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The White House is reiterating its intention to let the Bush tax cuts for the richest Americans expire as scheduled, setting up another summer battle with Congressional Republicans.

On Wednesday, White House Press Secretary Jay Carney told reporters that “President Obama has been clear about his position and it has not changed. We should not extend and he will not extend the … Bush-era tax cuts for the wealthiest two percent of the American people.”

Along the same lines, White House National Economic Council director Gene Sperling told the Economic Club of New York that the Obama administration is only open to a “grand comprimise” to reduce the national debt if it is “balanced” to include tax revenues along with spending cuts.

The tax cuts are due to expire at the end of this year, raising taxes on households that earn over $250,000 a year from the current 35 percent rate to the pre-Bush rate of 39.6 percent. Republicans such as Senate Majority Leader Mitch McConnell claim that the 4 percent rise would cripple the economy, and House Republicans plan to hold a vote on extending the cuts before Congress goes on recess in August.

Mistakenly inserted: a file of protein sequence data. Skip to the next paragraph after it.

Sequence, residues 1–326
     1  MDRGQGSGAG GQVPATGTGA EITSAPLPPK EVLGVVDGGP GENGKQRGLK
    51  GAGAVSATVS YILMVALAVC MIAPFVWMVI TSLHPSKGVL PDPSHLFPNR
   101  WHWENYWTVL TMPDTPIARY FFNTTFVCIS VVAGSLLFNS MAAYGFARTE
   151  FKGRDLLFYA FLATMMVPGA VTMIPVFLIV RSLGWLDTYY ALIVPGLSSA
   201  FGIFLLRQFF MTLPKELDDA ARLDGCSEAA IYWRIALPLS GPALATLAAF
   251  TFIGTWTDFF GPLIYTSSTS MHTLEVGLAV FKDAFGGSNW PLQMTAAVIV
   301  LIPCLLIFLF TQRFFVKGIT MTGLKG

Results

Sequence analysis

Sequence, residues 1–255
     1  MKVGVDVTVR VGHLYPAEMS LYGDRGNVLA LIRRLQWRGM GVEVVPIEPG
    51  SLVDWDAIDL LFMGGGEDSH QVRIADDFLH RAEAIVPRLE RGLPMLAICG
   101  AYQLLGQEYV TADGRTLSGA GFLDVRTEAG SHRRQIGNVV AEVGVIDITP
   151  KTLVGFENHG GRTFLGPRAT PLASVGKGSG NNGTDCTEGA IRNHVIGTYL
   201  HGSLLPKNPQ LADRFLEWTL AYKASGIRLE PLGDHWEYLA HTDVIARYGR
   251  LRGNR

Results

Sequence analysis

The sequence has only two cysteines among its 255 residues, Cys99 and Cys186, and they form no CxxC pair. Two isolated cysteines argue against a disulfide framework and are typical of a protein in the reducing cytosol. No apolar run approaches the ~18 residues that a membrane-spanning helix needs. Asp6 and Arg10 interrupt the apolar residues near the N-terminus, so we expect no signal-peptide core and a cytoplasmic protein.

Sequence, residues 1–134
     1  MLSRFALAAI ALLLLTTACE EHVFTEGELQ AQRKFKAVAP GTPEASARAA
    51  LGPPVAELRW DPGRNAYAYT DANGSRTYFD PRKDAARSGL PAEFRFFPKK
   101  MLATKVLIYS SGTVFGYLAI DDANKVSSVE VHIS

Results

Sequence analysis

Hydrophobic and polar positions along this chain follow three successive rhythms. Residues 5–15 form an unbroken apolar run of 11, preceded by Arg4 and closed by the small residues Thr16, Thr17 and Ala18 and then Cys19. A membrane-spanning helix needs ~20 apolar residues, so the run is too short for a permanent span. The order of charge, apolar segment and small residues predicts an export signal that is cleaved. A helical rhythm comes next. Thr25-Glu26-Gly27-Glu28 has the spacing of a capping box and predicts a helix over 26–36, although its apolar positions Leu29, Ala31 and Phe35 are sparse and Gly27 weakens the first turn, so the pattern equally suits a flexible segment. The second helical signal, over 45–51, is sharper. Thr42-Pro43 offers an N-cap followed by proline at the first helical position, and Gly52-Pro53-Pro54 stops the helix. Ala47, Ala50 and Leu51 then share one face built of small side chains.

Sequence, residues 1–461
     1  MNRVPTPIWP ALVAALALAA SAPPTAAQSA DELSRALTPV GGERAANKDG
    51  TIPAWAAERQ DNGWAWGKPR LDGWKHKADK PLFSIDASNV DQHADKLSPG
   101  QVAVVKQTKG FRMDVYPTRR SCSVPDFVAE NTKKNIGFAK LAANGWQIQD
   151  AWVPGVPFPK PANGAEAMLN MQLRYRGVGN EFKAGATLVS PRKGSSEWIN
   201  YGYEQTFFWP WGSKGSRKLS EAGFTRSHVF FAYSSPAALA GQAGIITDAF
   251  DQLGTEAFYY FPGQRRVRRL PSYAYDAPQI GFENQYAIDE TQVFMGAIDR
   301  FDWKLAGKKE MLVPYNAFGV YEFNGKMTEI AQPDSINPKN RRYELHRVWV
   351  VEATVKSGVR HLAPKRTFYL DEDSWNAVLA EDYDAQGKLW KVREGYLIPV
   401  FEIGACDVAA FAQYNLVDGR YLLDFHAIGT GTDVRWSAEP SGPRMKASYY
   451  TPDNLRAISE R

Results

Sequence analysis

“It’s pretty obvious that the economy needs the certainty of the extension of the current tax rates for at least a year,” McConnell told Reuters.

According to the Congressional Budget Office, while allowing the tax cuts to expire could hurt the economy, it would be preferable to the “much bleaker” alternative of extending the current tax cuts and spending rates.

If the battle over the tax cuts escalates, President Obama is well positioned politically. According to an April New York Times/CBS poll, 56 percent preferred increasing spending and raising taxes on the wealthy compared to just 37 percent who favored cutting taxes and spending. Furthermore, 57 percent said that upper middle income people pay “less than their fair share” in taxes.

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